Willow River State Park: Beautiful Cascades and Underwhelming Overlooks

It was day two of my journey to Wall, SD to meet my wife and stepdaughter. On the previous day, I left Sturgeon Bay, hiked the Dells of the Eau Claire, and ended the day’s travels just outside the Twin Cities, on the east bank of the Saint Croix River. Despite being just twenty miles from downtown Minneapolis-St. Paul, I was still in Wisconsin. Intent on being back in my room to shower before checkout, I arrived at the trailhead just before 8:00am.

I plucked an envelope from the dropbox, slipped my eleven dollar out-of-state day-use fee into the sleeve, and peeled off the paper backing to expose the adhesive strip that would seal my money in the envelope. Under the backing were some instructions:

“Place your fee and the adhesive backing in the envelope before sealing”

Okay, I thought, why do they want this little strip of waxed paper back? I would find out at the end of my hike; you will find out at the end of this post. (See how I’m building tension here.)

I set off down the pink-blazed Burkhardt Trail. The sun burned away the morning mist as the trail tracked through the western Wisconsin woods. Within a few hundred yards, the trail entered a sunny field. To my left, the Willow River rushed toward the falls; to my right, wildflowers bloomed everywhere.

Eventually, the trail plunged back into the forest and, at eight-tenths of a mile, a side trail appeared. I checked my map and found a tiny “binoculars” symbol. I turned left. When I reached the spot, a wood and steel platform was perched excitingly on the canyon’s precipice, beckoning me forward. Eager to see what dramatic panorama would unfold, I walked out to the far end. What unfolded was a breath-taking scape of … trees. The application of baby, or even big-boy binoculars would only produce … bigger trees. If I leaned waaaay out I could just glimpse the waters of the Willow River about 120 feet below. Disappointed, I carried on, hoping the next viewpoint would be better. View number had some water in it, but mostly … trees. The tiny binoculars had let me down. I gave up on overlooks and started my descent.

Two-hundred forty-three wooden steps later, I was standing on a bridge with a completely unobstructed view of Willow Falls. This forty-five foot cascade tumbles out of the Wisconsin forest in three main tiers and measures 100 feet at its widest point. Despite the relatively early hour there were already fisherman and cataractophiles gathering at the base. This is a massive waterfall. (You can probably see these falls from the International Space Station with the naked eye. Just not from one of the park overlooks.) Forty-five feet may not seem like star-power elevation but, combined with its significant width, Willow Falls is truly a sight to behold. I took a number of photos from the bridge before continuing west on the Willow Falls Trail.

Wide and smooth, the Willow Falls Trail was more riverside thoroughfare than woodland path, and I passed numerous folks out for a morning stroll. The Willow Falls Trail followed the river for a short while before cutting inland. Less than a mile from the falls, I was standing on the shore of Little Falls Lake.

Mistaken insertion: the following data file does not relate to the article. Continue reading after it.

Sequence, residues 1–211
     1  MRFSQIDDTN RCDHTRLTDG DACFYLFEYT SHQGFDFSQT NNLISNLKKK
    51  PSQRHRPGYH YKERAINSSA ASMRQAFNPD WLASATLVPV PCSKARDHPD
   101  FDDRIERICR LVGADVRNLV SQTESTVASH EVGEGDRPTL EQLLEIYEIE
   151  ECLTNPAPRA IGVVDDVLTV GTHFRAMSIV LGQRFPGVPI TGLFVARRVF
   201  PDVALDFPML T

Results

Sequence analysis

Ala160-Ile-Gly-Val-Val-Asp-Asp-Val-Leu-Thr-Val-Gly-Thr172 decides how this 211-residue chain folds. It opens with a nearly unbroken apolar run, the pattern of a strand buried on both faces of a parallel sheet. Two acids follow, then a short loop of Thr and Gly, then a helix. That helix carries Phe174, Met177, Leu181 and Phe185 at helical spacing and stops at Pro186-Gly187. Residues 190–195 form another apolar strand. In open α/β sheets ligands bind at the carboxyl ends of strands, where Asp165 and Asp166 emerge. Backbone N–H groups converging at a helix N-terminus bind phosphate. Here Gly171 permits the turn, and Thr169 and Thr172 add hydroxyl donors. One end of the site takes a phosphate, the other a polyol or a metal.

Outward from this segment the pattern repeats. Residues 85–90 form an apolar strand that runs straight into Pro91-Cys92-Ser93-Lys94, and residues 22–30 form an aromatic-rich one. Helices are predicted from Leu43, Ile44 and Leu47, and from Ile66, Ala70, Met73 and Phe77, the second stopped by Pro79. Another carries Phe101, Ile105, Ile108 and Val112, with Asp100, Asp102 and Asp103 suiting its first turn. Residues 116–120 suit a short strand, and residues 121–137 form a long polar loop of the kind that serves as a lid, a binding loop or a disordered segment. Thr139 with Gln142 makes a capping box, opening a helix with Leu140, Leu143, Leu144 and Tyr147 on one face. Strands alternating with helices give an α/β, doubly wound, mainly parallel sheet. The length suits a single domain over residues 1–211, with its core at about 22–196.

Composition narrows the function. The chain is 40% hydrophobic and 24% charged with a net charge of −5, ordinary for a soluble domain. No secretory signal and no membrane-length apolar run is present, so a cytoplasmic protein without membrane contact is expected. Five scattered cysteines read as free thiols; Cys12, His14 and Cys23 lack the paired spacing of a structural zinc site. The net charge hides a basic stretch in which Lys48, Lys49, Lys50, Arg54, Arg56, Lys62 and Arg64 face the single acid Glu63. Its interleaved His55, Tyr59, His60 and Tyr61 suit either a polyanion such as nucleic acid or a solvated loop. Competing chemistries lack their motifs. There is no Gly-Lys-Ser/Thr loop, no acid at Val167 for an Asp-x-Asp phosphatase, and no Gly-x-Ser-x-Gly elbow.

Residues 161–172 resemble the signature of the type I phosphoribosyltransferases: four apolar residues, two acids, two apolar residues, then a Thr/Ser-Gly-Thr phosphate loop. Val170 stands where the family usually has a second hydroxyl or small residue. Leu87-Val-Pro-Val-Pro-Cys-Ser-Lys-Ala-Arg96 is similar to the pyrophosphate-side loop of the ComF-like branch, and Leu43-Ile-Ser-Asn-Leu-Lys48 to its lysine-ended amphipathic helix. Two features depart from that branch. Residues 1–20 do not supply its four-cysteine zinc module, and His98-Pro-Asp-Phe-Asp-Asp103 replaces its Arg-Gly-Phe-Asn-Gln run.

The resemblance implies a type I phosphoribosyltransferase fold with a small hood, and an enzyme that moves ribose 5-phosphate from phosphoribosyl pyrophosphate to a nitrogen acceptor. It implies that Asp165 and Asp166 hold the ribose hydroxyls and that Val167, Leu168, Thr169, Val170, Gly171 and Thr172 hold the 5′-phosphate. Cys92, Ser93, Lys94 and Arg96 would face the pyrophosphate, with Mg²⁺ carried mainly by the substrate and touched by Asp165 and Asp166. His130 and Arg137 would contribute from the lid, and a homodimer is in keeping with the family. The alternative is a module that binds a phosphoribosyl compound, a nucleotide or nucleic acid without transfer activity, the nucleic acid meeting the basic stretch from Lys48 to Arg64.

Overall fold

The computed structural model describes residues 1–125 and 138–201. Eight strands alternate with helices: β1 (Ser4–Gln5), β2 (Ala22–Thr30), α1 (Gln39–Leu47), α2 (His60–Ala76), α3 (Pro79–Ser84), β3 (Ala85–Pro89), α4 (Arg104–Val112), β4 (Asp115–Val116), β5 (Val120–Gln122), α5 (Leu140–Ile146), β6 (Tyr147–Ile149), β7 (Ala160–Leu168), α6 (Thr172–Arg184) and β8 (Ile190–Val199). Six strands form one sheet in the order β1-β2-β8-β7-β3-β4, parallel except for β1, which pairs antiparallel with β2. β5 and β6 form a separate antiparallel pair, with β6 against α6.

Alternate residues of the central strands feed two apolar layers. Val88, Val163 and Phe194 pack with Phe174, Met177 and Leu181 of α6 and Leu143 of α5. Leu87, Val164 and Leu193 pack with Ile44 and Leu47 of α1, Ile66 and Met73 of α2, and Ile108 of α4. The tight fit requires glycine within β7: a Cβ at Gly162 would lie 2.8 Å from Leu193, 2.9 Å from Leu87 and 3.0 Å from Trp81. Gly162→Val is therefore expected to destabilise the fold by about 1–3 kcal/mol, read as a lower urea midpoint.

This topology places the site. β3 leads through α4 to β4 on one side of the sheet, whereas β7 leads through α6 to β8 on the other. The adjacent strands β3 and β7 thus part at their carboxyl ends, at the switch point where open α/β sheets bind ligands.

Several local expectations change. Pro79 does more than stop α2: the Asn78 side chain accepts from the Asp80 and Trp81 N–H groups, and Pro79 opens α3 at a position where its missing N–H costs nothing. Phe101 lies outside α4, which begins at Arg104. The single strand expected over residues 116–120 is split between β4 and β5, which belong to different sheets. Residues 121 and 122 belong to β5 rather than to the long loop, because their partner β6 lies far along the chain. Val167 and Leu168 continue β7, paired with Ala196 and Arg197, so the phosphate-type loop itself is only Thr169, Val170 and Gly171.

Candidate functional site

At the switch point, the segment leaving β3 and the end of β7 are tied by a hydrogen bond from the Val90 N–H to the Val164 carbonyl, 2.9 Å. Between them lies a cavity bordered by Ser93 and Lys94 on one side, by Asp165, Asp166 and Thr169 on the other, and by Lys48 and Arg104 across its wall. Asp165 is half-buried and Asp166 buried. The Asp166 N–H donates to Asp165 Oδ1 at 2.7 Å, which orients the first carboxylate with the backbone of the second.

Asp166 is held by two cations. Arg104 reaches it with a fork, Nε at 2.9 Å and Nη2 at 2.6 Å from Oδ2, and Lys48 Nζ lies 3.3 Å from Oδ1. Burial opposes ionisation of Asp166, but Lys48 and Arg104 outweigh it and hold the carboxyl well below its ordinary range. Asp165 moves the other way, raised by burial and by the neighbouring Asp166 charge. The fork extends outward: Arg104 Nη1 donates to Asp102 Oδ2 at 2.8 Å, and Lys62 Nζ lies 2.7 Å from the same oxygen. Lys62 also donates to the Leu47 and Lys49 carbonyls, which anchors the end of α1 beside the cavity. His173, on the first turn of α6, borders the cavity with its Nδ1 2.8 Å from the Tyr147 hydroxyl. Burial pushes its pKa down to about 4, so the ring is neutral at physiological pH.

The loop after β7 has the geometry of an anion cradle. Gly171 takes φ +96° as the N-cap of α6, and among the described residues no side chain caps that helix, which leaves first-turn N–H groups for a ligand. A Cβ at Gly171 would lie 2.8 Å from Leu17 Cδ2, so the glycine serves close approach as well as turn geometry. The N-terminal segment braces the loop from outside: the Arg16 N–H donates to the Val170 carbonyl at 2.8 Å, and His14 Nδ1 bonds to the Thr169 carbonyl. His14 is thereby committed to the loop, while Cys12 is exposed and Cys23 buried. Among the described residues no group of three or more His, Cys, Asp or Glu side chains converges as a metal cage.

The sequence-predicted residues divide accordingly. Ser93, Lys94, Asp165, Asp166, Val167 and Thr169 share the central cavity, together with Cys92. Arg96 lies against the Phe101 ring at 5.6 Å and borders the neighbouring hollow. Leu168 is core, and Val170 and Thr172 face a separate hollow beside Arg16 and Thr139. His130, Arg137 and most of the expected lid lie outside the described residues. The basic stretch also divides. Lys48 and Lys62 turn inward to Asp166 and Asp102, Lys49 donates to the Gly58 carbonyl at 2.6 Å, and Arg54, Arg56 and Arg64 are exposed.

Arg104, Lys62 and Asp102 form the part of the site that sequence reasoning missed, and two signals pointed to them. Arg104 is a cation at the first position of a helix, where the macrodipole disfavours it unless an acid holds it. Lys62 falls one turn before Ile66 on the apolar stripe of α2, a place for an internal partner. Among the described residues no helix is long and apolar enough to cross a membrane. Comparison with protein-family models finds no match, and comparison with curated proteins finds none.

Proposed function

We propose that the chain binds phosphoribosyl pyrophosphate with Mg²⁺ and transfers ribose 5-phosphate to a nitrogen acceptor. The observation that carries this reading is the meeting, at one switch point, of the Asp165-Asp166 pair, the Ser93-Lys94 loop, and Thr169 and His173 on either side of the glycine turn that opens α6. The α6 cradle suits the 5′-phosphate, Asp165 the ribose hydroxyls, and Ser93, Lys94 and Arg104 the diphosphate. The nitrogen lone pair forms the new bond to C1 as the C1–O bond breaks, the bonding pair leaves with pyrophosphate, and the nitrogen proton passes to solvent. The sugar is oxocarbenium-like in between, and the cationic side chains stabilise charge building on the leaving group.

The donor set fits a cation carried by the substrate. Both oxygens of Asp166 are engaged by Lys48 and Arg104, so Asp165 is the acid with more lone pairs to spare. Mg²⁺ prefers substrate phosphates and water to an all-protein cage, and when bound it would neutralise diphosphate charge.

Little Falls Lake was surrounded by marsh, tall reeds and grasses. In the still July air its surface was as smooth as glass and the reflection of the sky in it’s mirror-like surface was virtually indistinguishable from its heavenly twin. I had intended to loop around on an inland route, but an overgrown trail along with mounting heat and humidity drained my ambition. Near the tip of a small peninsula I turned back. Soon I couldn’t keep my glasses from fogging up, and I hiked much of the return trip in a hazy dreamscape of beige, green, and blue.

When I returned to Willow Falls, I ventured down onto an expansive, rocky crag at the base of the falls. This location provided dramatic views of the frothy cascade, although by this time there were people wading on the tiers of the falls. I peered into some shallow caves in the canyon wall but eventually ran out of legitimate reasons to delay the twenty-story climb back out of the canyon. When I reached the top, I was breathing heavily but felt good, and I rejoiced at this small step toward regaining my strength and stamina. I retraced my steps to the parking lot.

I arrived back at my car just as a ranger was emptying the park fee dropbox. (This has been eating you alive, hasn’t it?) I asked why in the Sam Hill they wanted me to include the waxed adhesive backing in the envelope along with my money. The answer, once revealed, was, like the park viewpoints, disappointing. The ranger explained that, if they didn’t specifically ask for the adhesive backing to be included, visitors (a word that here means hordes of Gatorade-guzzling, athleisure-wearing, basic bros) would simply drop the strips of paper onto the ground at the base of the dropbox. On purpose. In a state park. For more on this brand of jackassery, see my post on Switchback Jacks, Trail Hogs, and Trash Trolls.

Willow Falls and Little Falls Lake made for a pleasant hike with a great payoff. This is a stunning falls and easy to get to – including by a half-mile level stroll from the Willow Falls parking lot. I would recommend starting at the River Road Parking Area and enjoying the hike down. However, if it’s summer and the foliage is at its fullest – maybe skip the overlooks. ♦

Date: July 3, 2022
Location: Hudson, WI
Trailhead: 45.028205, -92.667352
Distance: 4.3 miles
Elevation Gain: 261 feet
Difficulty: Moderate

BIT|Hiker acknowledges the indigenous peoples who are the original inhabitants of the lands on which we hike. Our research for this post indicated we were on ancestral lands of the Wahpekute and Očhéthi Šakówiŋ

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